What are some similes in chapter 1 of To Kill A Mockingbird?

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Similes are figurative expressions in which the author wishes to convey his or her perceptions to the reader and create an image in the reader's mind. The author draws a direct comparison between two seemingly different things by usually using the words 'like' or 'as'. This literary technique makes it easier for the reader to understand the writer's purpose and enables him/her to engage more effectively with the text.

In chapter one of To Kill a Mockingbird features a number of effective similes:

Ladies ... were like soft teacakes with frostings of sweat and sweet talcum.

Scout, in describing the heat and how the ladies of Maycomb coped with it, compares them to frosted teacakes. She suggests that they were gentle, sweet and harmless. One can therefore expect that they did not pose any danger or risk. This description contrasts sharply with what we learn of the women of Maycomb later.

In describing Dill, Scout later mentions that:

...we came to know Dill as a pocket Merlin...

In comparing Dill, Scout alludes to the famed and legendary wizard Merlin, an important character in the tales of King Arthur. She exaggerates by comparing Dill to the celebrated character but effectively portrays the fact that what Dill said and did enthralled her and Jem so much that he seemed almost magical. Dill was a smaller version of Merlin.

In a later discussion about the Radley house, Scout mentions the following about Dill:

...it drew him as the moon draws water.

In using this simile, Scout is describing Dill's overwhelming fascination with the Radley house. By comparing it to a natural event, she is suggesting that Dill's attraction is instinctive. He cannot control his desire to be close to the house. It is as if it draws him in, as the moon's gravity pulls on the oceans, creating tides. It is an irresistible and uncontrollable urge. 

When they discuss Boo Radley, Scout refers to Miss Stephanie Crawford's description of him by using a simile:

...his head was like a skull lookin' at her.

Miss Crawford's portrayal supports the stereotypical view everyone in Maycomb had of Boo. He had become, in essence, the town's bogeyman. Boo was surrounded in mystery and theories about him abounded. He was perceived as a pernicious creature, out to do harm. The comparison to a skull adds to the mystery and horror associated with him. The death's head implies danger and something supernatural. Ironically, though, the children later discover that the town's perception of Boo could not have been further from the truth, for he is the one who rescues them from Bob Ewell's malice.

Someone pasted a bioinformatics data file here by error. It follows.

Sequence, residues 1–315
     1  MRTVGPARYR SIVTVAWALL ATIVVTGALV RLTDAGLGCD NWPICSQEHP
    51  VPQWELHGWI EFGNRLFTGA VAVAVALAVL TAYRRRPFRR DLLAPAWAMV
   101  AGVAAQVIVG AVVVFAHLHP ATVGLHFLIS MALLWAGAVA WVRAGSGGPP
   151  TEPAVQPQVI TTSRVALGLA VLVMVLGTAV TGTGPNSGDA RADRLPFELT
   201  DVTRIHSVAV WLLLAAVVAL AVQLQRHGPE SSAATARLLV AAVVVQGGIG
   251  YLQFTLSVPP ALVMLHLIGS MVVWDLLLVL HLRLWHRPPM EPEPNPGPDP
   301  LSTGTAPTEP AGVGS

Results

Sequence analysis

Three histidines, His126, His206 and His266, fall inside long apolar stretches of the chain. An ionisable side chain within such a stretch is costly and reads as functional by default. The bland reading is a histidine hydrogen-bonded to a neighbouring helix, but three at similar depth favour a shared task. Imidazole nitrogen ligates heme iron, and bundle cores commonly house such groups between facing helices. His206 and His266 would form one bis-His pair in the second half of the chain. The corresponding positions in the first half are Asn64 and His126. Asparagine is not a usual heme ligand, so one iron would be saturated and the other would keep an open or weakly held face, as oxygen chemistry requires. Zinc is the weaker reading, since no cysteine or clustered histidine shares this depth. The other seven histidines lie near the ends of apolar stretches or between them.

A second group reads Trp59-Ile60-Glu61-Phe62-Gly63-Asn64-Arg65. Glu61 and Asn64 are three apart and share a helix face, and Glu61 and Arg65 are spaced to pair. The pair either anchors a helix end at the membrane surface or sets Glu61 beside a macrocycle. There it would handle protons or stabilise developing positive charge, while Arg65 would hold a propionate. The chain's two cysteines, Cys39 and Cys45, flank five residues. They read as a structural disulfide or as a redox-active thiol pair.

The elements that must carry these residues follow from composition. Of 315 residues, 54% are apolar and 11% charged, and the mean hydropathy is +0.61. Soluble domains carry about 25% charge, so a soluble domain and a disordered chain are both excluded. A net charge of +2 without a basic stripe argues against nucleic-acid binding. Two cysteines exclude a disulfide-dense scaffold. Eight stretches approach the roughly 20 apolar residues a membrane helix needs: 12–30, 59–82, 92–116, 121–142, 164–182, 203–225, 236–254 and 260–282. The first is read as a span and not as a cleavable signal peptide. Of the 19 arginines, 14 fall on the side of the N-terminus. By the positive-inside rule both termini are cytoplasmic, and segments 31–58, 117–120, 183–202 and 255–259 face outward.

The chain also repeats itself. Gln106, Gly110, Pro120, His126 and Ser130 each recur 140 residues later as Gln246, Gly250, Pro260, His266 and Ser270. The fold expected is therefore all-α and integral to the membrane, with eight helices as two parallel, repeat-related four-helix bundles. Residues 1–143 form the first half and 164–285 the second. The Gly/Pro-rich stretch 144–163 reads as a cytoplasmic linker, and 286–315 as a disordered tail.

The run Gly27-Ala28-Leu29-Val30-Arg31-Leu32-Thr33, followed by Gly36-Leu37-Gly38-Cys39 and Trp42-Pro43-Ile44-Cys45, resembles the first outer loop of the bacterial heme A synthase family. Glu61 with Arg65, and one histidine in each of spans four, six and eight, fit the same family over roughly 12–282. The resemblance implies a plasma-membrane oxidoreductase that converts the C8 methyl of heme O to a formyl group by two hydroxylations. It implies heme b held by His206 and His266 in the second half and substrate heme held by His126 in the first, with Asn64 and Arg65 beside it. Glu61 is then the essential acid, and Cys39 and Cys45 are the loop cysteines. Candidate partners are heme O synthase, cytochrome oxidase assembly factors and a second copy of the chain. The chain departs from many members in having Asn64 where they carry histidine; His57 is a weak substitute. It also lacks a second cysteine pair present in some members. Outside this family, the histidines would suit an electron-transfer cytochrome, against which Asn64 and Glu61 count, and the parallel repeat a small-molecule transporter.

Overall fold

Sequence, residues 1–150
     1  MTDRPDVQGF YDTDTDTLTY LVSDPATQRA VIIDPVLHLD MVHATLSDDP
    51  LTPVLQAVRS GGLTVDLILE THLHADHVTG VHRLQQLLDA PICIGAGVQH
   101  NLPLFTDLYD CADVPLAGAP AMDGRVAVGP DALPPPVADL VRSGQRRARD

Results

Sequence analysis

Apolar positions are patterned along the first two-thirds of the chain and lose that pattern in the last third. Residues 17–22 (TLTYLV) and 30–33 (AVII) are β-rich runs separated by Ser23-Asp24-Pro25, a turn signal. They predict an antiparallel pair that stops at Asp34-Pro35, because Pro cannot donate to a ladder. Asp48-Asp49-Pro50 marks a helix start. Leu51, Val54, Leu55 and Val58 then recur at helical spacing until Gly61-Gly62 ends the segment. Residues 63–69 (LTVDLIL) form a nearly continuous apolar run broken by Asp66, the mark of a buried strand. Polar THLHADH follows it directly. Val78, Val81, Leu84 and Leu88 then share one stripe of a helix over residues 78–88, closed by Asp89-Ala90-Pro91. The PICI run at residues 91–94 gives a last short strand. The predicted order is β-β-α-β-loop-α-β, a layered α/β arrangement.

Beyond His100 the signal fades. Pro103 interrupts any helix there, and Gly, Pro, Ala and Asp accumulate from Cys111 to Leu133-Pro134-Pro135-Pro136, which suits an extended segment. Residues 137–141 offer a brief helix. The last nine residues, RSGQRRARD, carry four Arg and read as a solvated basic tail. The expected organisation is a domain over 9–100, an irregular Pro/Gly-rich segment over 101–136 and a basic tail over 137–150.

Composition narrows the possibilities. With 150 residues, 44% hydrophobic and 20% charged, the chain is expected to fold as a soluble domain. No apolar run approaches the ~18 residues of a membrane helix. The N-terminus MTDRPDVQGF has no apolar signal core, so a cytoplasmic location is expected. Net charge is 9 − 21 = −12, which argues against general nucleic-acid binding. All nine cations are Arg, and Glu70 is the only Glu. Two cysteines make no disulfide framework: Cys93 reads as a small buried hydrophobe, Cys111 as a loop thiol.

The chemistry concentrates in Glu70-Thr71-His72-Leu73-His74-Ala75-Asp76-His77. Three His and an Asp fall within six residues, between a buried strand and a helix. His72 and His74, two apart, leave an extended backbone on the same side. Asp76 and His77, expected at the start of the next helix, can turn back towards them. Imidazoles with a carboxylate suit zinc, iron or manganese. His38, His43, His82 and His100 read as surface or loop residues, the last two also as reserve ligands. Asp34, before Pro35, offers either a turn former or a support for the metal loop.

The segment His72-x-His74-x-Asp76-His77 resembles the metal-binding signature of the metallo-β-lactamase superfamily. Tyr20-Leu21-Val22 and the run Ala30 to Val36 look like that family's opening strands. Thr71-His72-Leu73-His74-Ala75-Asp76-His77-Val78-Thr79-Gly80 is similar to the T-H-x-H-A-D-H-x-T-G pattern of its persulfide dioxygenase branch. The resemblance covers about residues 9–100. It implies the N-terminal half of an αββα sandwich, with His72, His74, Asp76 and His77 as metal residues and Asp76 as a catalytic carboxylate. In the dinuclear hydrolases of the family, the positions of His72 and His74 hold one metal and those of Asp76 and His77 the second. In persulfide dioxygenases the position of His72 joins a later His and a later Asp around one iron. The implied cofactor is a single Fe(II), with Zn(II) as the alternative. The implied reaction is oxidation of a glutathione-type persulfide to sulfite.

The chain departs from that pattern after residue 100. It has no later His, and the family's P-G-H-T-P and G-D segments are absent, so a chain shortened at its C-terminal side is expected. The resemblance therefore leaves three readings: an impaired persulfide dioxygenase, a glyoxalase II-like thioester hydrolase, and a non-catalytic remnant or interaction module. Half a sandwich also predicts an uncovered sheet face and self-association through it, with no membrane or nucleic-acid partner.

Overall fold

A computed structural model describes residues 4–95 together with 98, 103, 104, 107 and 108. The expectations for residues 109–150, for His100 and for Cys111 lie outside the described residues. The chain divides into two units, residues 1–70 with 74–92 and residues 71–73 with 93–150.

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In chapter one, similes help us feel part of the richly imagined community of Maycomb. They also help to characterize Dill.

In the opening paragraphs, the narrator paints a picture of the slow-moving, old-fashioned southern world of Maycomb and its white privilege: "Ladies bathed before noon, after their three-o’clock naps, and by nightfall were like soft teacakes with frostings of sweat and sweet talcum."

A sense of Dill's essential innocence and purity emerges in this simile: "his hair was snow white and stuck to his head like duckfluff."

Stephanie Crawford represents, in contrast, the way some people in the town stereotype Boo Radley as a monster when she says of him that his "head was like a skull lookin‘ at her." This is a stock simile, a cliche lacking in imagination.

In discussing Dill's strong desire to get Boo out of the house, Jem says  "it’s sort of like making a turtle come out…" In the way Dill reacts to this simile with imaginative and sensitive engagement, we learn more about his essential humanity. When he finds out that, according to Jem, you make a turtle stick its head out by lighting a match underneath it. Dill reacts to this by calling it "hateful" and worrying that it will hurt the turtle. Already, we might be falling in love with Dill and his decency. 

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